Jump to later that day. I started thinking about the idea that everything is pure gift from God. Everything! I am sure I have known this since about the time I was baptized two years ago. I have grown to accept this simple fact more and more the further I have traveled down the road of faith. But the thing is, I think I only knew this in my head, not in my heart. Then it kind of all hit me like a punch in the gut. If everything is a gift, then nothing that I have is really, truly mine—nothing! This includes all the relationships and love that I have been blessed with and treasured so much. None of it was mine. I owned nothing, not even my soul.
Like I said, I knew all this in my head. It is easy to intellectualize it, but when it finally hits you in the stomach, in your heart, it is an awfully big blow to your ego, to your worldly created self. Nothing belongs to you. Nothing! Except, maybe, your choices.
So, I offered up a prayer, “God, if nothing belongs to me, then I give it all back to you. I am not worthy to have any of it. Take back all the love you have so graciously given me through my relationships with family and friends. It is all Yours. I give it back.”
In the next instant, it almost felt like God directly replied to me, “Mark, I give it back to you. You take care of it.”
Okay…it’s my responsibility, my choice. Not sure what to say to that… “Yes, Lord.”
Life and love goes on…
The next evening, in the middle of Saturday night Mass, a tsunami of doubt and unbelief swept over me, knocking the coin of faith out of my grasp. I felt swamped by deep water. I couldn’t breath. I couldn’t hold on. I couldn’t believe for the longest moment. It scared me. I do not know where it came from. I was trying to concentrate on the words of the liturgy, trying to put my heart into it and be present to the Real Presence. I was looking forward to Communion, and then suddenly, it was all gone. I wanted to run out of the church. None of it seemed to make sense anymore. I could not feel anything. My heart was gone. I would have walked out if I did not have to serve as a Eucharistic minister. I felt so unworthy to serve the Lord, to serve the community. If they only knew what I was not feeling at that moment…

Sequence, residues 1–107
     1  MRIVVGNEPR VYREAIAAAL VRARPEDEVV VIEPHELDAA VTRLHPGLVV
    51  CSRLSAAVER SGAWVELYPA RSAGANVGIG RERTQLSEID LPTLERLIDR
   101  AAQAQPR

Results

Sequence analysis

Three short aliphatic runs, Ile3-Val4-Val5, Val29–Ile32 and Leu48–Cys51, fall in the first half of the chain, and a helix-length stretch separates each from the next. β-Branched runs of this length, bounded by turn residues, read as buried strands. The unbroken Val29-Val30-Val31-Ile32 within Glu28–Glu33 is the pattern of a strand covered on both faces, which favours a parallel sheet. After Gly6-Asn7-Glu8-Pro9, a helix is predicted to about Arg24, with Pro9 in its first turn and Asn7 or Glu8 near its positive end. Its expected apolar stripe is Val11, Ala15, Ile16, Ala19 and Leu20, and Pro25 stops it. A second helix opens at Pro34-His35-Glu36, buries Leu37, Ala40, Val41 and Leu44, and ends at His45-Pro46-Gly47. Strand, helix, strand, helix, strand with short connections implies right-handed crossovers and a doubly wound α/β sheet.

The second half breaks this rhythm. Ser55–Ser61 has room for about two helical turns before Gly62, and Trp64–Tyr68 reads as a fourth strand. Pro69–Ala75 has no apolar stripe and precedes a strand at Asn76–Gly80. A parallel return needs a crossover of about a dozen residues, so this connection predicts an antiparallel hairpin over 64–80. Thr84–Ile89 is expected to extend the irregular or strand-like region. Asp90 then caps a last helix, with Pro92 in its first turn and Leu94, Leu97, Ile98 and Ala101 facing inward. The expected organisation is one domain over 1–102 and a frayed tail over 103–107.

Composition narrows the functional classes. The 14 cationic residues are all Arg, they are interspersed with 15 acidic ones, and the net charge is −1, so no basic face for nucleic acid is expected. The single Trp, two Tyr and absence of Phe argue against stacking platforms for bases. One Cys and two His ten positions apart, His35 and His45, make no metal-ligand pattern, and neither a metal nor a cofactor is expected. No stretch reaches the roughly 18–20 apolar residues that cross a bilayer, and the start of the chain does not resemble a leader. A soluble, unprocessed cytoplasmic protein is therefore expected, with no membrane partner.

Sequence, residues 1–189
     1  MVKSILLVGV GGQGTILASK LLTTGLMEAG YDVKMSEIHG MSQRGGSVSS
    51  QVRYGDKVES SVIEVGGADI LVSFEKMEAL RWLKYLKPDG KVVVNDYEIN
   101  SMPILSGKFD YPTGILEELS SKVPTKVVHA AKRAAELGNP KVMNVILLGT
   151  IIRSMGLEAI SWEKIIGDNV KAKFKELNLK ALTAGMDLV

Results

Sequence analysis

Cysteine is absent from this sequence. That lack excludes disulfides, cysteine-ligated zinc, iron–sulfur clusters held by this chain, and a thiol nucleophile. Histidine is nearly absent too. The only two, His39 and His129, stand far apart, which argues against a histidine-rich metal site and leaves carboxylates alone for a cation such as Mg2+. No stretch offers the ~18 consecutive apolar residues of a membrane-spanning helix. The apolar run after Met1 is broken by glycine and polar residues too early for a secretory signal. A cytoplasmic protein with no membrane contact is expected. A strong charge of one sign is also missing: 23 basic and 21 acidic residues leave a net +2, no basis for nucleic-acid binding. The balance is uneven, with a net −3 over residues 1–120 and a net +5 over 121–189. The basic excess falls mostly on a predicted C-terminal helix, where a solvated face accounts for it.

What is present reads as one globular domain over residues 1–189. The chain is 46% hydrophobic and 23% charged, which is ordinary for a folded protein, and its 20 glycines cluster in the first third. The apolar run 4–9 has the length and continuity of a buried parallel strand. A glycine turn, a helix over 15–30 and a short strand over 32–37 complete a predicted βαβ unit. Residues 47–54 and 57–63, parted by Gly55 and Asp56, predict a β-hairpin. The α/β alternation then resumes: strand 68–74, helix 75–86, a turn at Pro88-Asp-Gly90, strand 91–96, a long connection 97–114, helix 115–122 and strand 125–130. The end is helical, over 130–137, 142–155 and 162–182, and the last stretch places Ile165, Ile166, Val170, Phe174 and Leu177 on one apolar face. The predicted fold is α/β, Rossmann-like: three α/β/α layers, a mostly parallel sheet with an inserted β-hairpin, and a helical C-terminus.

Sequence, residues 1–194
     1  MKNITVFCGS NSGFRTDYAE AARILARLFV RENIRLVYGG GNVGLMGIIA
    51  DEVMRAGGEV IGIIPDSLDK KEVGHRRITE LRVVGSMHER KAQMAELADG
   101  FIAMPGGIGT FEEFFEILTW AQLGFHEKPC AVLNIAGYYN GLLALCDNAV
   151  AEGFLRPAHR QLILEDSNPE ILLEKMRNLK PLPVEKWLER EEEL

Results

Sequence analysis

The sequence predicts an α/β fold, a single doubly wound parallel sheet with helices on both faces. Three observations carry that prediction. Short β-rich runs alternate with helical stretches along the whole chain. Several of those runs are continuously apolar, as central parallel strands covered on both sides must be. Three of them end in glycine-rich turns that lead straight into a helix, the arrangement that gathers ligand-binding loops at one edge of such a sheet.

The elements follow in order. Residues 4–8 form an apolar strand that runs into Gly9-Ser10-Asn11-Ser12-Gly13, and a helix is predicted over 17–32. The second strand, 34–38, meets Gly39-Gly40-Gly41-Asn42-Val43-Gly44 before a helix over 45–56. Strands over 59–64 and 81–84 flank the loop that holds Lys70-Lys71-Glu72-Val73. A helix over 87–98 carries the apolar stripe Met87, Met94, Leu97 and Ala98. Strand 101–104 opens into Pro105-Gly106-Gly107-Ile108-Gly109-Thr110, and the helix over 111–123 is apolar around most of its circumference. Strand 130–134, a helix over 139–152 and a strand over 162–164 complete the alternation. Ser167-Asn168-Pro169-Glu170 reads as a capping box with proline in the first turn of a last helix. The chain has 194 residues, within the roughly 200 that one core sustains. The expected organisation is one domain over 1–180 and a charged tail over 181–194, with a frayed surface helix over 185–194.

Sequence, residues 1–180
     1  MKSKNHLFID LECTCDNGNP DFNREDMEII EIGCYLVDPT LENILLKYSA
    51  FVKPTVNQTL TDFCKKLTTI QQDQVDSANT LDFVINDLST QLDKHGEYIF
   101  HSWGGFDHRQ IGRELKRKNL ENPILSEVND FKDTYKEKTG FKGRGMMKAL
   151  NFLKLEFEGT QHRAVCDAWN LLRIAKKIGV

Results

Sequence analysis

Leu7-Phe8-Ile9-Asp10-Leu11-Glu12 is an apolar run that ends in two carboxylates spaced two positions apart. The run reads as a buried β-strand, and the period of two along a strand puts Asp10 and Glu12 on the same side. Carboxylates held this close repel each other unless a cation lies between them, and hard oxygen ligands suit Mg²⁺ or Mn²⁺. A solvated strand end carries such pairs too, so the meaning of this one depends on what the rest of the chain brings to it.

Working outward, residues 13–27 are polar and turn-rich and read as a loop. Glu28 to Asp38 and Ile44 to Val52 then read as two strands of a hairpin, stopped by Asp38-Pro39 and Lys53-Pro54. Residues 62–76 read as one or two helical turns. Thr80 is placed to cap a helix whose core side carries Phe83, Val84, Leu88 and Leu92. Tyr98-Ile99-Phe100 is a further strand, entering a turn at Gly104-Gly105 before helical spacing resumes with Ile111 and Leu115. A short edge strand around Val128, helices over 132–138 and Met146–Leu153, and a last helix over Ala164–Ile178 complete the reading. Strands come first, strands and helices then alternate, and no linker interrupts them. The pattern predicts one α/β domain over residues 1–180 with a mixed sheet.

How could I believe in God only in my head and not my heart? That’s what held me up for the first 39 years of my life. I am one of those people that if something is not in my heart, if I do not feel it, it will not last very long. I will quit. I won’t be able to make the long haul without heart. How could I stop believing? How could I loose faith? Why couldn’t I feel anything? My life had changed so much over the past three years, all because of faith and God. How? Why? I was scared.
Usually, the sign of peace gives me a literal sense of peace, a certain measure of calmness deep inside. Not this time. The anxiety was growing. I approached the side of the altar with the other ministers. I was such a fraud. “Please Lord, help me through this. For You, for them. Not me.” A moment later, Father placed the consecrated Host in my hand. I half feared that it would burn me for the demon I felt I was. It didn’t. It just laid there in my hand. I wanted all of time to just stop as God sat in the palm of my hand. I felt alienated, isolated, alone, tiny and insignificant. I wanted to stare and talk with God sitting there in my hand. Ask Him why? I don’t understand. Help me. Heal me. But before I could do or think or say anything, duty called. I chose to place the Bread of Life in my mouth. I felt nothing.